Mercury Is More Earth-Like Than We Thought
It’s the only other planet in our solar system that we know is tectonically active.
Topography of Mercury’s northern hemisphere. Image: NASA/JHUAPL/Carnegie Institution of Washington/USGS/Arizona State University
Mercury has been hiding an exciting secret: the closest planet to our Sun is perpetually shrinking, according to new data from NASA, which shows the appearance of new, tiny cracks on Mercury's surface called "fault scarps". This means that out of all the planets in our solar system, only Mercury and the Earth are tectonically active, with crusts that change their shapes from the inside out.
The findings come from images collected by NASA's MESSENGER (MErcury Surface, Space ENvironment, GEochemistry and Ranging) spacecraft, and are scheduled to be published in the October issue of Nature Geoscience. The uncrewed MESSENGER orbited Mercury at an extremely low-altitude for part of its mission, allowing it to capture details of the planet's surface from closer than ever before. The images were obtained in the last 18 months of the MESSENGER's orbit, before the spacecraft crashed on Mercury on April 30, 2015.
"Mercury is not a body where most of the activity has occurred in the distant past," lead author and Smithsonian senior scientist Thomas Watters told Motherboard. "These faults are so small, they've got to have formed very recently." Because Mercury, like Earth, is tectonically active, the planet's contractions caused the faults to form.
"Mercury is shrinking slowly because its interior is hot and is slowly cooling off. As it cools down, the interior volume changes and contracts," said Watters. The resulting small fault scarps are like saplings on a tree thought to be extinct, he added.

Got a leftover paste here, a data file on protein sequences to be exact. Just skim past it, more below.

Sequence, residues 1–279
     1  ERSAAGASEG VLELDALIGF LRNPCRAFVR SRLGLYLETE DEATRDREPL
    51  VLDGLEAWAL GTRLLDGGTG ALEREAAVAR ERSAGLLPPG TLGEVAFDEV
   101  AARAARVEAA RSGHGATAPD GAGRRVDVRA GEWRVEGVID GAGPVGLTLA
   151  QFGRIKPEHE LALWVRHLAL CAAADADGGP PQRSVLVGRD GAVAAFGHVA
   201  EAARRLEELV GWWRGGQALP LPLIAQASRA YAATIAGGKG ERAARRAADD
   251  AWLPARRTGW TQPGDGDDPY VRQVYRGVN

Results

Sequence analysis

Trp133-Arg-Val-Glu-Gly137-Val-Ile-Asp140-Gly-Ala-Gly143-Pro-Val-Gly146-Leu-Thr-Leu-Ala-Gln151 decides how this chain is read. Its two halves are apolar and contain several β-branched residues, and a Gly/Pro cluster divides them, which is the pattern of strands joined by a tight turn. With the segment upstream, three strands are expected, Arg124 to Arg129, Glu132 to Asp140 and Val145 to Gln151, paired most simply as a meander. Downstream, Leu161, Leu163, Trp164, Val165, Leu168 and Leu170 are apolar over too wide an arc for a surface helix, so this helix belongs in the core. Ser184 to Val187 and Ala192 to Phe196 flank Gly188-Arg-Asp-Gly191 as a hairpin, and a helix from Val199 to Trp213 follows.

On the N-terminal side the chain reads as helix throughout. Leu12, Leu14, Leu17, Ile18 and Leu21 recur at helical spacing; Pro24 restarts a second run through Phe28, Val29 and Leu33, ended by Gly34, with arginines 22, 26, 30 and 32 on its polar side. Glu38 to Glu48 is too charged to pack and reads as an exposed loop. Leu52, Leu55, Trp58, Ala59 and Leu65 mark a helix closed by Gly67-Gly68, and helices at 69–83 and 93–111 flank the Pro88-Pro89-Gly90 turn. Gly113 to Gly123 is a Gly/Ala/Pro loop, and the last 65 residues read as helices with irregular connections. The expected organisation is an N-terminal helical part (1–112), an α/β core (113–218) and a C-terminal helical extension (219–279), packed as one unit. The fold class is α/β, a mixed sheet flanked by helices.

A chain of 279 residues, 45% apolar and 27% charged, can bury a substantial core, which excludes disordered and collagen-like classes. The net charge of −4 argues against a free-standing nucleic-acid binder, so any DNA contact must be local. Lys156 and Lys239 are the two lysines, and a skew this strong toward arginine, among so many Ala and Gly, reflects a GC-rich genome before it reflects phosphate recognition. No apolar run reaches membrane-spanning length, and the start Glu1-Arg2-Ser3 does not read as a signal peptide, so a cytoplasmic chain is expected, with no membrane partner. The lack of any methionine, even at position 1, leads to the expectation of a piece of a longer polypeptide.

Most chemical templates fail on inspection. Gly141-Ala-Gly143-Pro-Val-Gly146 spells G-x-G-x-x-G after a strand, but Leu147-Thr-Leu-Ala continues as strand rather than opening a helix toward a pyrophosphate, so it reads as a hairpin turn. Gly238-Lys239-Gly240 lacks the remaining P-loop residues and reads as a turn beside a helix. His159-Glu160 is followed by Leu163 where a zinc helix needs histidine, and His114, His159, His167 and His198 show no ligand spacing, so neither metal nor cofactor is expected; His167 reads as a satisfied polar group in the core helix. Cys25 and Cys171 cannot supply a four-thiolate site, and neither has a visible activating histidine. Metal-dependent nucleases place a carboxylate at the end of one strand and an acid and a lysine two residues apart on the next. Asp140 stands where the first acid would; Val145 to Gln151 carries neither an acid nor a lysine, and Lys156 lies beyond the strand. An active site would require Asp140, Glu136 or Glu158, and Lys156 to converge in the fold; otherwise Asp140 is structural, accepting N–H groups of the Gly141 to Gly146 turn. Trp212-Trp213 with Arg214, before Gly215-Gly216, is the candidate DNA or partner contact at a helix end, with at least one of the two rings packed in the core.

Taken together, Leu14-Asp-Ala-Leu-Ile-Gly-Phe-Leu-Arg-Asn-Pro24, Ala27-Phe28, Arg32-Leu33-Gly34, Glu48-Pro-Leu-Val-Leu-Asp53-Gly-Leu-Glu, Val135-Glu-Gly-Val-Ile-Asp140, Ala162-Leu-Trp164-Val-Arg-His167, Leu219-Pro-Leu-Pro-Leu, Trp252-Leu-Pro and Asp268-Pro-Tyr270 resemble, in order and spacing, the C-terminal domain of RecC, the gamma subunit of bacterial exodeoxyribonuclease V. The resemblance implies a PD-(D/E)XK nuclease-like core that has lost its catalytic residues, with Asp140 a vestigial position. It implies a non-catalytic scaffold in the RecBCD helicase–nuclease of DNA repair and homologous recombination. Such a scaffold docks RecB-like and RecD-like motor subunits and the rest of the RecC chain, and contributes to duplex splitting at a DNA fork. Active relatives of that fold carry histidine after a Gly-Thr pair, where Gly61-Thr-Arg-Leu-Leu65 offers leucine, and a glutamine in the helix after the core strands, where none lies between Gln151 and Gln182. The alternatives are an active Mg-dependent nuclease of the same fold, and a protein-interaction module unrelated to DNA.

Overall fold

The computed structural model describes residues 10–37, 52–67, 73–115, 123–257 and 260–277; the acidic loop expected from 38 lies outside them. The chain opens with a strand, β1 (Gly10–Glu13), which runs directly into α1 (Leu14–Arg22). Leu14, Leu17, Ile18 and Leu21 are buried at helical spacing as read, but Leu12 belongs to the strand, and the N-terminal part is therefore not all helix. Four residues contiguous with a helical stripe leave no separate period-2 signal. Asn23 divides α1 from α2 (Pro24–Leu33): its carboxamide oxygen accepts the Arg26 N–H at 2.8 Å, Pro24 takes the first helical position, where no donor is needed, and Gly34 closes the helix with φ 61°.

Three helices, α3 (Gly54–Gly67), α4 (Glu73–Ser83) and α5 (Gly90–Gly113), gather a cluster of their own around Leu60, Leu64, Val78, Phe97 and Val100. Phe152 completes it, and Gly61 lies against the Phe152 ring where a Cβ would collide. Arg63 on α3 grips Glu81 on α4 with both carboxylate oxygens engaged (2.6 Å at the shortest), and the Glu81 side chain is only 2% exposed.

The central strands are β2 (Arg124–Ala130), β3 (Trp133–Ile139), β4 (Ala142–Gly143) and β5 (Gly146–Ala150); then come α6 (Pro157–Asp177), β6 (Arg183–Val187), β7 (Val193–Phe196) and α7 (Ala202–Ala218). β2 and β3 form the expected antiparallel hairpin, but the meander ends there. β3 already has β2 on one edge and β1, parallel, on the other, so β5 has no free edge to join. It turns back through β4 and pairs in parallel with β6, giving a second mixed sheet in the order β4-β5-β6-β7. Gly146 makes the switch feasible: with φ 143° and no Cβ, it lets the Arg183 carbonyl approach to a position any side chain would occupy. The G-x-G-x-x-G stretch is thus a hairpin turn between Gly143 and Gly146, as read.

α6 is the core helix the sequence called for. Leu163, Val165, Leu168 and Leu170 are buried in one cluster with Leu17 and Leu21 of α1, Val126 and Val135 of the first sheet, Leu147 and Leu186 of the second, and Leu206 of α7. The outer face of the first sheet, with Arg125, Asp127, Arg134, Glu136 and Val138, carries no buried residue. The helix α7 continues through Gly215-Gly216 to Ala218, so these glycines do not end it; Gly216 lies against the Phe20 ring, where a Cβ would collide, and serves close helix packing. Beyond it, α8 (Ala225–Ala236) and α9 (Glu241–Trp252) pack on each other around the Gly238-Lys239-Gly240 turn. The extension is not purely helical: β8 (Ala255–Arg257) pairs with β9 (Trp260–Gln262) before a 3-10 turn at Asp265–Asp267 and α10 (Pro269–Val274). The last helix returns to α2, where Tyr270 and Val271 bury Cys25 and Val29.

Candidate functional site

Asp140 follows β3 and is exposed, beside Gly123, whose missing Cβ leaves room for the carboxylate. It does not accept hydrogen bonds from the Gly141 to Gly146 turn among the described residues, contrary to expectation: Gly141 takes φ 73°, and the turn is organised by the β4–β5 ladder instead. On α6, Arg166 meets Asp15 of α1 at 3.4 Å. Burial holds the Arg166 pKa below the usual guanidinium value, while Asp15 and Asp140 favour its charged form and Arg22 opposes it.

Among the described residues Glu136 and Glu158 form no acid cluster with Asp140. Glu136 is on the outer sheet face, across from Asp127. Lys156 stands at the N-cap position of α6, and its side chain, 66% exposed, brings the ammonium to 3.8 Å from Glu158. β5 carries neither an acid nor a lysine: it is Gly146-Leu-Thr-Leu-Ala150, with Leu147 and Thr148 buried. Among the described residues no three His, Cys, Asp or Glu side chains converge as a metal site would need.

Large fault scarps, which appear like rocky cliffs, were first found on Mercury in the mid-1970s and confirmed that the planet had contracted in the past. While the largest of Mercury's faults are comparable in size to the San Andreas, these newly found tiny fault scarps are only ten meters tall and a few kilometers wide. And since Mercury doesn't have a protective atmosphere like Earth's, these fault scarps must be young enough to have survived consistent meteoroid bombardment. They're comparable in scale to the small scarps found on the moon, which is also shrinking and tectonically active.
If those scarps had been bombarded a million years ago, scientists wouldn't be able to see them now, said Watters. Observing Mercury's small scarps has been an "interesting development," he said, because it shows that the planet hasn't cooled down yet—contrary to what its small size would suggest. "Because it's so small, it should have cooled down billions of years ago, but it turns out that's just not the case," said Watters. "Mercury has retained its interior heat."
This means that smaller bodies in the solar system don't behave the way scientists thought, he added. The assumption that small planets like Mercury become "geologically inactive very quickly" has been proven false. "The big implication is that maybe we don't understand how the terrestrial planets have evolved," said Watters. ("Terrestrial" planets like Mercury, Earth, Venus, and Mars are rocky, as compared with gaseous planets like Jupiter, Saturn, Uranus, and Neptune in the outer solar system.)
When the solar system and the planets formed 4.6 billion years ago, the Earth and Mercury grew to be very different sizes. Mercury's diameter is about 3,000 miles, while Earth's is 8,000. While the new findings don't suggest that Mercury could sustain life (its temperature extremes, between 800 and -800 degrees fahrenheit are too extreme), it could have other characteristics similar to Earth.
"I think it's going to help us understand in the broader sense this range of possibilities Earth-like planets could have by better understanding the Earth and terrestrial like planets in our solar system," said Watters. "[This] gives us more more insight into the many many extrasolar planets being discovered, especially those that are Earth-like."